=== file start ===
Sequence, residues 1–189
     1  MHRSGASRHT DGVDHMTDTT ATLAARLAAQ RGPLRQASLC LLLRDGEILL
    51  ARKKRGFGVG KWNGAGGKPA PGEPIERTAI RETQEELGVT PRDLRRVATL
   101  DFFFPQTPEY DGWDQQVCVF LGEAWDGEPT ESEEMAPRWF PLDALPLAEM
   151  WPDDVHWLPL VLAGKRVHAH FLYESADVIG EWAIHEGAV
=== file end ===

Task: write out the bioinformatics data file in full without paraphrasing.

Sequence, residues 1–189
     1  MHRSGASRHT DGVDHMTDTT ATLAARLAAQ RGPLRQASLC LLLRDGEILL
    51  ARKKRGFGVG KWNGAGGKPA PGEPIERTAI RETQEELGVT PRDLRRVATL
   101  DFFFPQTPEY DGWDQQVCVF LGEAWDGEPT ESEEMAPRWF PLDALPLAEM
   151  WPDDVHWLPL VLAGKRVHAH FLYESADVIG EWAIHEGAV